• Eczematous- It refers to many skin conditions that may affect the external ears such as eczema, psoriasis, lupus, etc.

Apart from swimming in water that contains bacteria, Otitis externa can occur when the layer of the skin that lines the ear canal is injured. Scratching, use of earphones and inserting cotton pads in the ear can damage this delicate skin layer. An injured ear skin layer provides a good environment for bacteria which causes infections in the ear.


Other causes of otorrhea include2, 3

  • Presence of objects in the ear. This is most common in children who like playing with objects and accidentally inserts them in the ear.
  • Trauma- A head injury may cause cerebrospinal fluid to seep out from the brain since the skull is damaged or has a fracture.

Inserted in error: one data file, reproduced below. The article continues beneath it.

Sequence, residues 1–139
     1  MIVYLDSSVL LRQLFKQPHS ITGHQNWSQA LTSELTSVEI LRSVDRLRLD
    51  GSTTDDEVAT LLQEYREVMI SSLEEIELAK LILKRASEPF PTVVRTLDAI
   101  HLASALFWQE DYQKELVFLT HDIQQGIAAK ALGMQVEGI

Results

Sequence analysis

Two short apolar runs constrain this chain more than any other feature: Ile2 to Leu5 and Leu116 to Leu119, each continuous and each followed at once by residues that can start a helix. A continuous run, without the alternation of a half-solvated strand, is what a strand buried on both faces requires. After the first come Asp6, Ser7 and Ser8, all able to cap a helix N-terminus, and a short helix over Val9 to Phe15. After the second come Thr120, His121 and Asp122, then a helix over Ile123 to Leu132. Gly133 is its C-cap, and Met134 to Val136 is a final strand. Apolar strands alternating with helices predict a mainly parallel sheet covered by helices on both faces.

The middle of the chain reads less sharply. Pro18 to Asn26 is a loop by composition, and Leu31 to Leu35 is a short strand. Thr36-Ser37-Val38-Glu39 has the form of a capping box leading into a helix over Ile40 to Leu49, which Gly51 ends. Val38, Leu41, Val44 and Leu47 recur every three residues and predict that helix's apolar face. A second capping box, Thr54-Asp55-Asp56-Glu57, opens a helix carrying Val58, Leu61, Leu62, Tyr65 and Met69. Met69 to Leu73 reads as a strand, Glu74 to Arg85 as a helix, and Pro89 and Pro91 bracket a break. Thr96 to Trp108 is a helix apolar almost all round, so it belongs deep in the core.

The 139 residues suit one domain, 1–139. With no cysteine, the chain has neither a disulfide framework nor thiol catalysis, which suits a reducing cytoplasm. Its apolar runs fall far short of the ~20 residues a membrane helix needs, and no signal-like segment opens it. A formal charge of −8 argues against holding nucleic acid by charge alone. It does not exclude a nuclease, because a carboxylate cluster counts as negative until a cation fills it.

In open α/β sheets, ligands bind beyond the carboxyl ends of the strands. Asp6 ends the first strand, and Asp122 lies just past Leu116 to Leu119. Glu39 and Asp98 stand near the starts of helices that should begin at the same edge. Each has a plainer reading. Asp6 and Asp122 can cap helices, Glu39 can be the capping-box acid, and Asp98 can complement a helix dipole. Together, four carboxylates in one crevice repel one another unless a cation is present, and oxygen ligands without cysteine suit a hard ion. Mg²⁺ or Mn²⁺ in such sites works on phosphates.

• Ear pressure imbalance- The difference in pressure between the inside and outside of eardrum may damage the ear tissue.

Symptoms

Patients suffering from otorrhea manifest the following symptoms:

Patients feel pain in one or both ears which make them uncomfortable. They may experience partial loss in hearing. Patients also feel constant pressure inside the ear which is same as that they feel when they are in the water. They may experience sensations of stuffiness in the ear. In some cases, patients may bleed through the nose1.

Treatment

Otorrhea can be managed effectively through medications and a combination of preventive measures. The following treatment options can be used to treat otorrhea: 1, 4, 5

Topical medications

Tropical medications such as antibiotic eardrops are prescribed to treat otorrhea. The eardrops may be used together with steroids. For fungal infections, acetic solution is used when the infection is not severe. In most severe cases of fungal infection, antifungal topical such as clotrimazole is recommended.